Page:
A mother's perspective, by journalist Caroline Scott
My 21-year-old son Rupert had constant tonic clonic face-smashing seizures for over three years before a combination of drugs - different team at another hospital - helped get them under control last year. If I hadn’t understood his high risk of SUDEP I may not have pushed quite so hard.
The countless visits to A&E with facial lacerations after seizures should have raised alarm - research shows that multiple presentations at A&E should act as a red flag and initiate a neurology referral for a medication review. In practice this never happened, and doesn’t happen for countless epilepsy sufferers across the country.
There are many reasons too few people - including healthcare professionals - know about sudden death in epilepsy. Unlike other neurological conditions, epilepsy has a long history of being shrouded in secrecy and shame which has been compounded by a historic failure of specialist services to properly manage a condition that affects 600,000 people.
Neurologists are few and far between; depending on where you live you may not see one at all, and neither doctors or epilepsy nurses routinely talk about SUDEP - either out of ignorance or a misplaced fear of alarming patients - even though NICE guidelines insist everyone within epilepsy should be warned of the risks.
Given the choice, most people would really like to be in possession of the facts. And those facts are stark: Every week, 21 people with epilepsy die — some from injuries sustained during seizures, but the majority during the seizure itself. No one knows for sure what causes it - though research is funding scientists to study parts of the brain that control breathing and heartbeat as well as patterns of brain activity which temporarily ‘switch off’ certain areas of the brain after some seizures and could lead to SUDEP.
The risk rises sharply if you are male, aged 20-40 and one of the 60% of people with epilepsy who have tonic clonic seizures - as the number of GTCS increases, so does the risk of suddenly dying.
Three or more seizures a year can increase the risk by up to 15 times but conversely, the risk reduces almost to zero if seizures are well controlled. SUDEP Action estimates that with the right medication around half those deaths are preventable.
Yet shockingly, 1,000 grieving families on the Epilepsy Deaths Register, a platform for reporting all epilepsy deaths (initiated by SUDEP Action), had not heard of SUDEP before their loved ones died and so did not get a chance to review their child’s medication or insist on a second opinion. Most considered epilepsy a ‘benign’ condition rather than a silent killer which proportionately kills ten times more people than Asthma.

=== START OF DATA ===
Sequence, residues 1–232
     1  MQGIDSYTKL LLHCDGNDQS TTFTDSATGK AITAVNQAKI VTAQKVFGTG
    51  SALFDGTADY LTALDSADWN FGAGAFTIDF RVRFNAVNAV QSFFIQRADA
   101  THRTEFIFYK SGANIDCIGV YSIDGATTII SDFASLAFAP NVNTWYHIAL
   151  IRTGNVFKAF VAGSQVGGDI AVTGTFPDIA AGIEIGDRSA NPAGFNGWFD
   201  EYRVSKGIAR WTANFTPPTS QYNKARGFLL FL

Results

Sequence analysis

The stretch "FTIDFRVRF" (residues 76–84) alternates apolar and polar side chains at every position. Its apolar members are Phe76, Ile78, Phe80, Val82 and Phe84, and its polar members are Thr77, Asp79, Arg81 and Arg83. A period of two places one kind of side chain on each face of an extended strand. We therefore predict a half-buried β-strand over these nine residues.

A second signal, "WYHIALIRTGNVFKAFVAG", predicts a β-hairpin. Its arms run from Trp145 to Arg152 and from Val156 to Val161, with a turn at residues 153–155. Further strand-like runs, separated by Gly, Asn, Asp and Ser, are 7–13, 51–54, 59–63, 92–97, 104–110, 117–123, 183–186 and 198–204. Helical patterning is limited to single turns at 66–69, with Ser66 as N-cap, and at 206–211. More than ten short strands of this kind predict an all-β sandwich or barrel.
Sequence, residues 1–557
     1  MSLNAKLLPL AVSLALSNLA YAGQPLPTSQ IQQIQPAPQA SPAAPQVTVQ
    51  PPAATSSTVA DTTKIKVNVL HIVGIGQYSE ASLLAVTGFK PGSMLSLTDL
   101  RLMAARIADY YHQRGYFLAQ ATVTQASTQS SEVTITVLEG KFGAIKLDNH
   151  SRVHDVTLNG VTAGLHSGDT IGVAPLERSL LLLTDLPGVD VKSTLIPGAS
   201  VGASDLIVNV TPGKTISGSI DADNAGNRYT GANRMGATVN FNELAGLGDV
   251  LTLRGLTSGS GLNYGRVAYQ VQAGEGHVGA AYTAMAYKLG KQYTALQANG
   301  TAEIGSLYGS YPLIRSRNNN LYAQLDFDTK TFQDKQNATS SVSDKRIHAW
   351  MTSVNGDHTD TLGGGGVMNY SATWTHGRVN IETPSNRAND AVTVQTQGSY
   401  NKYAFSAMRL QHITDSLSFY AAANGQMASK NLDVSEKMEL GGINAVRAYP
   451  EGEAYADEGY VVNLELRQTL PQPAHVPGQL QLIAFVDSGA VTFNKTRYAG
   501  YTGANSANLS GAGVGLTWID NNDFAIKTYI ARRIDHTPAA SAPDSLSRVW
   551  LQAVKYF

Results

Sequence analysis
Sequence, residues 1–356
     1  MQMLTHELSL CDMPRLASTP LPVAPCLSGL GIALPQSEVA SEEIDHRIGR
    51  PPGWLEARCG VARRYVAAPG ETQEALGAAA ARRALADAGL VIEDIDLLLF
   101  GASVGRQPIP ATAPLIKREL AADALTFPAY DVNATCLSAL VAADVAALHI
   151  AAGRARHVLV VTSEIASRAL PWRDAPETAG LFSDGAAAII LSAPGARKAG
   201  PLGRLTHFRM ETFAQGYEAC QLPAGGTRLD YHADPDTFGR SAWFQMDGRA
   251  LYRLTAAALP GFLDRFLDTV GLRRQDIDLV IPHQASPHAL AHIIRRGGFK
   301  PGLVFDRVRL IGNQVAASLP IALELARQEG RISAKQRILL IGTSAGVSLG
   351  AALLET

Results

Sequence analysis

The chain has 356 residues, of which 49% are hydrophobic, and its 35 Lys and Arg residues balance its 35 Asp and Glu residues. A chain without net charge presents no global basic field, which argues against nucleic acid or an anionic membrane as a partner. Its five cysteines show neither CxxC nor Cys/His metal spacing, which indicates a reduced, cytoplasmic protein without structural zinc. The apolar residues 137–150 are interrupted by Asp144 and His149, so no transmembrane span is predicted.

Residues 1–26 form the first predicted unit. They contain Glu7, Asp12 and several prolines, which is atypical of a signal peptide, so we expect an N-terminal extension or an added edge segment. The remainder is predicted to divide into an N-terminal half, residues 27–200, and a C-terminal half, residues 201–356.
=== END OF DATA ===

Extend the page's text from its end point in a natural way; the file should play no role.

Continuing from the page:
Crucially, the media - my profession - doesn’t report any of this often enough. SUDEP affects just as many young people as sudden cardiac death but almost never makes headlines and attracts far less funding. Ten times as much money is poured into cardiac research, while the utter devastation and traumatic grief for bereaved families is exactly the same.
One of the confusing things about SUDEP is that some people can have multiple seizures and not die, while others die after only their second or third seizure and sometimes before any medication has been prescribed. Until we know more, the only safe path is to use the EpSMon app and ask for a neurology review when necessary.
Both Rupert and I are keen to share these pictures of what epilepsy looks like - partly to show that this ‘hidden’ disability isn’t actually all that hidden. He wears his scars every single day and lives with the side effects of the medication he will take for life. But most people don’t understand very much about epilepsy or how it disrupts and ends lives. We need to change that.
Former SUDEP Action CEO Jane Hanna told me last year: ‘What is truly remarkable is that families whose children have died suddenly all around the country, who are themselves suffering traumatic grief, pay tribute every day to their loved ones by focusing on the beautiful young people whose lives can be saved'.